Some tour operators might have a focus specifically on being sustainable or ethical in different ways.
The type of activity also matters – a walk or hike might be less resource intensive than a day spent driving around – although obviously there are tradeoffs to each type of activity.
Some people describe difference in the above approaches to tourism as fast tourism vs slow tourism, or mass tourism vs alternative tourism.
We’ve previously put together a few different guides on the sustainability of tourism:
9. Consider The Sustainability Effects Of Your Actions Whilst On Holidays
There’s an impact on sustainability when we make different decisions whilst away on holidays.
Some common holiday decisions that might lead to a more sustainable outcome might include:
– Let the air steward or stewardess know if you don’t need complementary food, drink, utensils, or other items on a flight
Anything you don’t use ultimately becomes waste, and, there can also be packaging waste that comes from food, drink and utensils
– Let the hotel or accomodation provider know ahead of time, or at the time of booking in, if you don’t need any complementary supplies
Such as shampoos, conditioners, soaps, etc.
Again, these all become waste if they aren’t used
– At hotels, use your ‘Do Not Disturb’ sign on your room if you don’t absolutely need room cleaning
Room cleaning when you don’t need it uses additional cleaning products and other resources
– Don’t leave your cooling or heating on all day whilst you’re out/away from your room/place of accomodation
– Use provided waste disposal bins
Essentially, don’t use the excuse of being on holidays as an excuse to litter or leave waste lying around
– Be conscious with purchasing decisions whilst on holidays
This might involve things such as avoiding heavy consumption, avoiding impulse purchases, buying quality items, and generally being thoughtful about consumption and purchase decisions
It might make sense to buy things that will genuinely and meaningfully add to the holiday experience instead of being a quick novelty purchase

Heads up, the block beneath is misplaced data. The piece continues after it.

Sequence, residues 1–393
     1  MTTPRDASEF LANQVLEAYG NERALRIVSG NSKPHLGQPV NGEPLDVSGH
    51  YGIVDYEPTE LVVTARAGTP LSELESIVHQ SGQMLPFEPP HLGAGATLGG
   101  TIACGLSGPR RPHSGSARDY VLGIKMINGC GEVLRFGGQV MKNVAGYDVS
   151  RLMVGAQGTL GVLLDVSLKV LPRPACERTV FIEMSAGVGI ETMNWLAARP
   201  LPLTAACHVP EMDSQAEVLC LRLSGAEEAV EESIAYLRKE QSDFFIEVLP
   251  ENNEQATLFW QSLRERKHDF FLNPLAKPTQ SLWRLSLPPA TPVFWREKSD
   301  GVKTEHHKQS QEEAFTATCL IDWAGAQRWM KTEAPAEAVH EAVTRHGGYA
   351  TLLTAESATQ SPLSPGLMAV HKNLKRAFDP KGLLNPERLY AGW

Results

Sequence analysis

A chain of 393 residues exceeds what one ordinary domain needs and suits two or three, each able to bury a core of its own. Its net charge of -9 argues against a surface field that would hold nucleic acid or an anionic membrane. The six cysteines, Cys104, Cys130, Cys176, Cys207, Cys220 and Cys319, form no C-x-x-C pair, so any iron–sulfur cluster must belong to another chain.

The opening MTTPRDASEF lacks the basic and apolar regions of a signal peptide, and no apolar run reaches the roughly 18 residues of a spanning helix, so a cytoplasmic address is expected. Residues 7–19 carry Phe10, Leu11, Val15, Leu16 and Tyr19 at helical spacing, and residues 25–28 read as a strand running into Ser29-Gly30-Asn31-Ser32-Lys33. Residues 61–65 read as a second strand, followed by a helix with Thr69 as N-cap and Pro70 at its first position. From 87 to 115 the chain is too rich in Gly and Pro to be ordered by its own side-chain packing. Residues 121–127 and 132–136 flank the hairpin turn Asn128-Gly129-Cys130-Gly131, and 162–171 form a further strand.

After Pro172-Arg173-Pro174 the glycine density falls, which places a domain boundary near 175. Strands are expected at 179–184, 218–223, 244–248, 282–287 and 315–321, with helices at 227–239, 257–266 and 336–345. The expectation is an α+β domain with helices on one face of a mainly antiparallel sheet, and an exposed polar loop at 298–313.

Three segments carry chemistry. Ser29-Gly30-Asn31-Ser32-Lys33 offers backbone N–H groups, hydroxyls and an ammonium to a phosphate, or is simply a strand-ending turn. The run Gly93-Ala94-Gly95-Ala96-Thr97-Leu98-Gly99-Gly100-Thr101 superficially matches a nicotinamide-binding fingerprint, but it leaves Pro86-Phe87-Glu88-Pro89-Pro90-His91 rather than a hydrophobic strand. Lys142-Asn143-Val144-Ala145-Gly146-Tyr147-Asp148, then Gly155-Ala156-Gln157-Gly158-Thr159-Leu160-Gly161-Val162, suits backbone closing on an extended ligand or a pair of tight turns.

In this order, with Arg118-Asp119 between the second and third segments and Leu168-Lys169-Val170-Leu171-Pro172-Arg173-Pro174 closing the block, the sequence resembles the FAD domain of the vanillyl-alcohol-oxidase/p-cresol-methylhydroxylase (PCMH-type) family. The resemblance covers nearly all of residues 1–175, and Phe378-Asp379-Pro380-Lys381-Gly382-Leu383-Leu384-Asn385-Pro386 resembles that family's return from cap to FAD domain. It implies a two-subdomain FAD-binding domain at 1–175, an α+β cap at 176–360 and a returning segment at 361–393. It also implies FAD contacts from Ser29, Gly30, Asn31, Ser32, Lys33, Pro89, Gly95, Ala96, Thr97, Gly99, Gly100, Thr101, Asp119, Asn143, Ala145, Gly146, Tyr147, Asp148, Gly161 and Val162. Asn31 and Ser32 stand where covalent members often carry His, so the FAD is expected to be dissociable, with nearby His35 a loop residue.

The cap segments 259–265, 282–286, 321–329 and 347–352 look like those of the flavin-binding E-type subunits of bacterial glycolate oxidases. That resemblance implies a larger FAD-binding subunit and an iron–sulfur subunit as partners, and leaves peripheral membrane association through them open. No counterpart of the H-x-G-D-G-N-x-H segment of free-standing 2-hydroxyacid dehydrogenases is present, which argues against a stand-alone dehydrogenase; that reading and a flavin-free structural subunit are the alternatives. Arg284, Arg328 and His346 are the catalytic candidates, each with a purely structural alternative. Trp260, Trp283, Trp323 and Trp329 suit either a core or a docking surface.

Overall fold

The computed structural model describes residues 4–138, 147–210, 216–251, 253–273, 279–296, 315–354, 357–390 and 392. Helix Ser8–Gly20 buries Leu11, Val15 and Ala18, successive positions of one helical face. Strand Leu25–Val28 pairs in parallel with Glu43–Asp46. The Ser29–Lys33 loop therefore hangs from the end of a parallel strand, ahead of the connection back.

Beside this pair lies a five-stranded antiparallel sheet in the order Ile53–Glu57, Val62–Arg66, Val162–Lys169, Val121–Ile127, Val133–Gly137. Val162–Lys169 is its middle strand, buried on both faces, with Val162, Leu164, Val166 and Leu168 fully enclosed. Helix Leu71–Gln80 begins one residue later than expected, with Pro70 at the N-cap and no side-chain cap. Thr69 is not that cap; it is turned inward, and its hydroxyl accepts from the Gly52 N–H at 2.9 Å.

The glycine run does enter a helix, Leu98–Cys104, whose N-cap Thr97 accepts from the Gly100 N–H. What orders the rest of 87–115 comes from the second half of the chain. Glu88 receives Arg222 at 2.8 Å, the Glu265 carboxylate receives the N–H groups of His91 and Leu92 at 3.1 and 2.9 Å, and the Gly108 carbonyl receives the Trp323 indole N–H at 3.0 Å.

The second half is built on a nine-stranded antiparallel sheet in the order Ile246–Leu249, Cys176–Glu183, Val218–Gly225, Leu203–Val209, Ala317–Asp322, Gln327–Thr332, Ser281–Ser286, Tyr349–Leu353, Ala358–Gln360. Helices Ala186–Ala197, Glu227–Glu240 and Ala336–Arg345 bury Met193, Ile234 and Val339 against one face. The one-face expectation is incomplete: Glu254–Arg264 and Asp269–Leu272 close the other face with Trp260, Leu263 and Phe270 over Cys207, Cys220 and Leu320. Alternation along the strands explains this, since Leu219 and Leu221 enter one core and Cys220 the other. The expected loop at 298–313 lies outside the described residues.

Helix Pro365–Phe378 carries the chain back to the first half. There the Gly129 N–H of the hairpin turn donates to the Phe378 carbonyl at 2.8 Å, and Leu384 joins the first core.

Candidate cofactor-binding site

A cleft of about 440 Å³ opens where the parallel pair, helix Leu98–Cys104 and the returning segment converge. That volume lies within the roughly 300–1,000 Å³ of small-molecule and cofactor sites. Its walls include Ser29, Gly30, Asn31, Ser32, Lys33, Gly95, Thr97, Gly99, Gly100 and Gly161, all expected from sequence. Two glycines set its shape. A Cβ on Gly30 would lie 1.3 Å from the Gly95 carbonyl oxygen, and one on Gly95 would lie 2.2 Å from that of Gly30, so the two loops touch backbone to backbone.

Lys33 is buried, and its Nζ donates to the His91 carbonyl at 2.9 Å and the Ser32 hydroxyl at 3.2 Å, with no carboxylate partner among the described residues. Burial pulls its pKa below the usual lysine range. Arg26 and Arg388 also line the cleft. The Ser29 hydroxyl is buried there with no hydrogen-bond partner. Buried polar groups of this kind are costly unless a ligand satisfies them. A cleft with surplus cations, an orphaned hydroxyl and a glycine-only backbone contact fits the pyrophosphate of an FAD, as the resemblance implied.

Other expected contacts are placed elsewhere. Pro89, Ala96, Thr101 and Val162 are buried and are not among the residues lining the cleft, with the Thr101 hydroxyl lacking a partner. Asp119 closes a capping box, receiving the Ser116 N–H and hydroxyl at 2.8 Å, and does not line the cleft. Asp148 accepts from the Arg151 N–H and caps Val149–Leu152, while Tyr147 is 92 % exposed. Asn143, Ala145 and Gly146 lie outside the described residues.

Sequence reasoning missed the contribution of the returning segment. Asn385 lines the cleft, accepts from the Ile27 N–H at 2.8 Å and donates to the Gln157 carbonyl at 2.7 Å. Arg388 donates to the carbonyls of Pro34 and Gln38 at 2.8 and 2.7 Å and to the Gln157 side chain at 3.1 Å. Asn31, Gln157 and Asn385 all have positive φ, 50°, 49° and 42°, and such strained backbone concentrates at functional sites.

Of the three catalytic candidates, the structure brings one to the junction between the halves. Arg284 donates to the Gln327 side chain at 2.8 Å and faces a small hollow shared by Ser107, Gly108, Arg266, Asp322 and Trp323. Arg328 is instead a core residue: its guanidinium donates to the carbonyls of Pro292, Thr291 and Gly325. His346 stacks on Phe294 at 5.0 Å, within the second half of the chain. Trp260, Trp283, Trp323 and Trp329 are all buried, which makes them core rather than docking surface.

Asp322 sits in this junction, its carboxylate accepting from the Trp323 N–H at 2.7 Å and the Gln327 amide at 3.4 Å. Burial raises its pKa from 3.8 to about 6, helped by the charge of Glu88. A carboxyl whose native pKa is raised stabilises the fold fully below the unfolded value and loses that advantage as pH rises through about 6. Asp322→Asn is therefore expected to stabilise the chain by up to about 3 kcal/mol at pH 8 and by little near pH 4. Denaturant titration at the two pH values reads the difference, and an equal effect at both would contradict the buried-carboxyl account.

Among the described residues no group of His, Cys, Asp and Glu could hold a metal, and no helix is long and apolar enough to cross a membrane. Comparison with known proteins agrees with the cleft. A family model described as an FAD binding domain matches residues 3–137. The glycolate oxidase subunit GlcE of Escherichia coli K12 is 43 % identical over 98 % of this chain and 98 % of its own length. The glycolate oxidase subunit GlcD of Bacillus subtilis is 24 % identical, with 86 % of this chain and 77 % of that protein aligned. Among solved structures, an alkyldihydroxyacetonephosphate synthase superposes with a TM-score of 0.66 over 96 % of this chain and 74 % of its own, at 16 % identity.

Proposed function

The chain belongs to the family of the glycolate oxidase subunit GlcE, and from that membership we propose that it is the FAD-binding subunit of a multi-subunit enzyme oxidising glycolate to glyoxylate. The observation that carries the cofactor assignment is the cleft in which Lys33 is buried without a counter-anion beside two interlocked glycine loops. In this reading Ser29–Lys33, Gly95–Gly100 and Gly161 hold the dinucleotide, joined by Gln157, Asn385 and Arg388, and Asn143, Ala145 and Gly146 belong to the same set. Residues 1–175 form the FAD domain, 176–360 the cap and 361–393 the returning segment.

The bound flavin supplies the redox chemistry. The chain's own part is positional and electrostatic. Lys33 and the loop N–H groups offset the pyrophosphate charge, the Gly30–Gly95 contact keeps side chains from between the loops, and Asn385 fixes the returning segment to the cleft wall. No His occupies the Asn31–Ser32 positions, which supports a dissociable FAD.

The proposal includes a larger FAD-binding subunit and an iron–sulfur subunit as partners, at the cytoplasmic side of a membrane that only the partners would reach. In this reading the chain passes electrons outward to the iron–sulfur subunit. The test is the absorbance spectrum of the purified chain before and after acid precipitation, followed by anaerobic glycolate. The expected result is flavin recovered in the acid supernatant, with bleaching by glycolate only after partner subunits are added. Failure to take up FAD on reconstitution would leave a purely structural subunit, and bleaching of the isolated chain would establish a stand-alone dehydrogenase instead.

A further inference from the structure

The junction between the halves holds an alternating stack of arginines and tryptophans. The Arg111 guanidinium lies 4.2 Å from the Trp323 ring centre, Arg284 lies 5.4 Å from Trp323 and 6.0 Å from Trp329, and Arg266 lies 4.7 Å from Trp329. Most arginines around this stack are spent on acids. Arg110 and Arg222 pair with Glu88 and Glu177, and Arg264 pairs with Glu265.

It might also make sense to only buy what you know you’ll use whilst on holiday, or when you return home, and also things that will last instead of falling apart not long after buying them
– Go paperless/digital where possible
Instead of using physical maps and information guides, use electronic maps and information guides on your smartphone where practical
10. Pack Sustainably
Packing a few simple things such as a reusable water bottle and a reusable shopping bag (in a carry on bag/backpack) can reduce single use plastic water bottle waste, and also single use shopping bag waste whilst you’re on holidays.
11. Unpack Sustainably
It can be common to thrown things out when trying to clean out bags and carry cases when returning home from holidays.
Instead, see what you might be able to gift, donate or sell secondhand.
12. Help Others Holiday More Sustainably
After getting back from your holiday, consider the following things to potentially help others holiday more sustainably in the future:
– Leave reviews for sustainable travel and holiday service providers (accomodation providers, tour providers, etc)
– Share holiday information and experience with friends and other people or groups interested in sustainable holiday-ing
1. Various ‘Better Meets Reality’ guides','' ); } ?>